How ironic that on the day I was told in New York that a well-meaning third party was trying to bring UConn and Tennessee back together that Lady Vols coach Pat Summitt put another wedge into the fractured relationship.
You may have heard or read that Summitt said Thursday at the SEC women's basketball media day in Birmingham that if she "compromised" recruiting rules she should be fired.
Lady Vols coach Pat Summitt greets fans during a national championship celebration on April 1, 1991, at Thompson-Boling Arena.
The Lady Vols won their third national title in five years with a 70-67 victory over Virginia.
Lady Vols coach Pat Summitt leads the cheers after winning the Women's NCAA National Championship 67-44 against Louisiana Tech on March 29, 1987, in Austin, Texas.
Celebrating are players, from left, Melissa Mc Cary, Kathy Spinks, Bridgette Gordon, and Dawn Marsh.
Summitt also won two Olympic medals: a gold as head coach of the 1984 U. women's basketball team and a silver as a player on the 1976 team.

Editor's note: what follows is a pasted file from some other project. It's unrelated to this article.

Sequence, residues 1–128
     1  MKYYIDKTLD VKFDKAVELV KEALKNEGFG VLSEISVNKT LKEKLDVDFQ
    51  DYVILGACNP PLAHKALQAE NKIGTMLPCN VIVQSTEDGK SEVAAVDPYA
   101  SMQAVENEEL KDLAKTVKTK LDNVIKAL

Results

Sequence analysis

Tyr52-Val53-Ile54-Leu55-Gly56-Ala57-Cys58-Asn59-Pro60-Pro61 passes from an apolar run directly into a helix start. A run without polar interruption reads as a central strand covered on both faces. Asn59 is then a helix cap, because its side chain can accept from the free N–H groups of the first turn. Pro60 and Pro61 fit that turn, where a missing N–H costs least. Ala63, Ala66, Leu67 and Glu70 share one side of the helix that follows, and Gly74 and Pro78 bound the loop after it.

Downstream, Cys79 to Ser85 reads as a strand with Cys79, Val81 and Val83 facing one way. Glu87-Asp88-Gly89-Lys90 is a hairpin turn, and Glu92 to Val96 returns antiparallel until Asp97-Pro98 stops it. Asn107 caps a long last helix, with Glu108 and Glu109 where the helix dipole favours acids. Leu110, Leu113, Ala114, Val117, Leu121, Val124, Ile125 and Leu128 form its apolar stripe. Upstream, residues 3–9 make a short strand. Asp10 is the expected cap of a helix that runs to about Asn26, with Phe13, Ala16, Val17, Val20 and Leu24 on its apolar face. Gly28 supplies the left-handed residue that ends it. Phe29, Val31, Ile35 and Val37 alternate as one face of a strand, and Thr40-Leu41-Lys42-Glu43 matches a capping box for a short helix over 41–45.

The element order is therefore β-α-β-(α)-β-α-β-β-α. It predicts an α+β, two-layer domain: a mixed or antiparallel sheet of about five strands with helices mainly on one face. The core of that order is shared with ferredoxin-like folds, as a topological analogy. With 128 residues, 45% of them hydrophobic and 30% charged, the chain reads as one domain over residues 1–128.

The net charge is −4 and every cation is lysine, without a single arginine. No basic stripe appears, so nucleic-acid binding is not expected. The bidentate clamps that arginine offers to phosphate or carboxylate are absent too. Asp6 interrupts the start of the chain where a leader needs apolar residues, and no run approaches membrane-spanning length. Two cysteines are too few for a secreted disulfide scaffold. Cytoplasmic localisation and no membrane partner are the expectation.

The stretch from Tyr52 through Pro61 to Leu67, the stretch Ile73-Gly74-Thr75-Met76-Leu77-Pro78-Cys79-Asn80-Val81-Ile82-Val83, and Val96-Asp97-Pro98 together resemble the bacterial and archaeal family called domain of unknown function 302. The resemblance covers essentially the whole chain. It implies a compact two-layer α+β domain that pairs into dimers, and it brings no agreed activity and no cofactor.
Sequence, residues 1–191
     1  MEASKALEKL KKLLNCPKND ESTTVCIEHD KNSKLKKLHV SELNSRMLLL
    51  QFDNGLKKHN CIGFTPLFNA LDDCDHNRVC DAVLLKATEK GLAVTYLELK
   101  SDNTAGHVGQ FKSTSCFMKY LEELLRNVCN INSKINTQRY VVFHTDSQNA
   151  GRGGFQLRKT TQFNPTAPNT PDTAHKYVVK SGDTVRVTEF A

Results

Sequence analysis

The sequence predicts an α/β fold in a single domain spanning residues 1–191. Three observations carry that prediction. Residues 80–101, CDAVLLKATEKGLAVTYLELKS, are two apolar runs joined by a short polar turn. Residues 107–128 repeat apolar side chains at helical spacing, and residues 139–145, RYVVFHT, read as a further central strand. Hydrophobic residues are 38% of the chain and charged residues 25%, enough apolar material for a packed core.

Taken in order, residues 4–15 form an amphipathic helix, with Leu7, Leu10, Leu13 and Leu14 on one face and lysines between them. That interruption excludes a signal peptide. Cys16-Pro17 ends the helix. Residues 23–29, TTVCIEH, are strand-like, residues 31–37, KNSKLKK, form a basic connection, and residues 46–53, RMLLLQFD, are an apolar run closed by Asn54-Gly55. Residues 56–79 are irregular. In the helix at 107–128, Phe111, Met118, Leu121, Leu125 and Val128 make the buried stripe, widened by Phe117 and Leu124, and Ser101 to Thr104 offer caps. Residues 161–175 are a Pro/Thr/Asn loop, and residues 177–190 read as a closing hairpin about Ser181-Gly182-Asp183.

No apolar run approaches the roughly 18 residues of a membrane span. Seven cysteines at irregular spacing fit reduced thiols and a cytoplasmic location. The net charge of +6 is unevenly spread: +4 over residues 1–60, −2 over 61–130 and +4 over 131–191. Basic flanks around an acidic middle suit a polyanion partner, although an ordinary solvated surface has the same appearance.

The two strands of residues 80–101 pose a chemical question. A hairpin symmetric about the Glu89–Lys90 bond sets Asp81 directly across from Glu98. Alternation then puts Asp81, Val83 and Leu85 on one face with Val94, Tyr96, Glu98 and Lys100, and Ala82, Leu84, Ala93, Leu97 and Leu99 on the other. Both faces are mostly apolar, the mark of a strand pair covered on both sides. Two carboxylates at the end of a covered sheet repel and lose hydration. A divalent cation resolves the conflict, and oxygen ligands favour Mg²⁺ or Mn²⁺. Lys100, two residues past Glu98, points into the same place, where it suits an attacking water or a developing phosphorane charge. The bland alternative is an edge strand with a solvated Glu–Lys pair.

She was named the Naismith Basketball Coach of the Century in 2000.
Looking on are, from left, UT President Ed Boling, womens athletic director Joan Cronan, Lady Vol Sheila Frost and Lady Vol Melissa Mc Cray.
She won eight NCAA championships (a NCAA women's record when she retired), a number surpassed only by the 10 titles won by UCLA men's coach John Wooden and the 11 titles won by UConn women's coach Geno Auriemma.
She was the first NCAA coach, and one of four college coaches overall, with at least 1,000 wins.
In 2012, Summitt was awarded the Presidential Medal of Freedom by President Barack Obama and received the Arthur Ashe Courage Award at the 2012 ESPY Awards.
Summitt wrote three books, all with co-author Sally Jenkins: Reach for the Summitt, which is part motivational book and part biography; Raise the Roof, about the Lady Vols' 1997–1998 undefeated and NCAA-championship winning season; and Sum It Up, covering her life including her experience being diagnosed and living with Alzheimer's disease.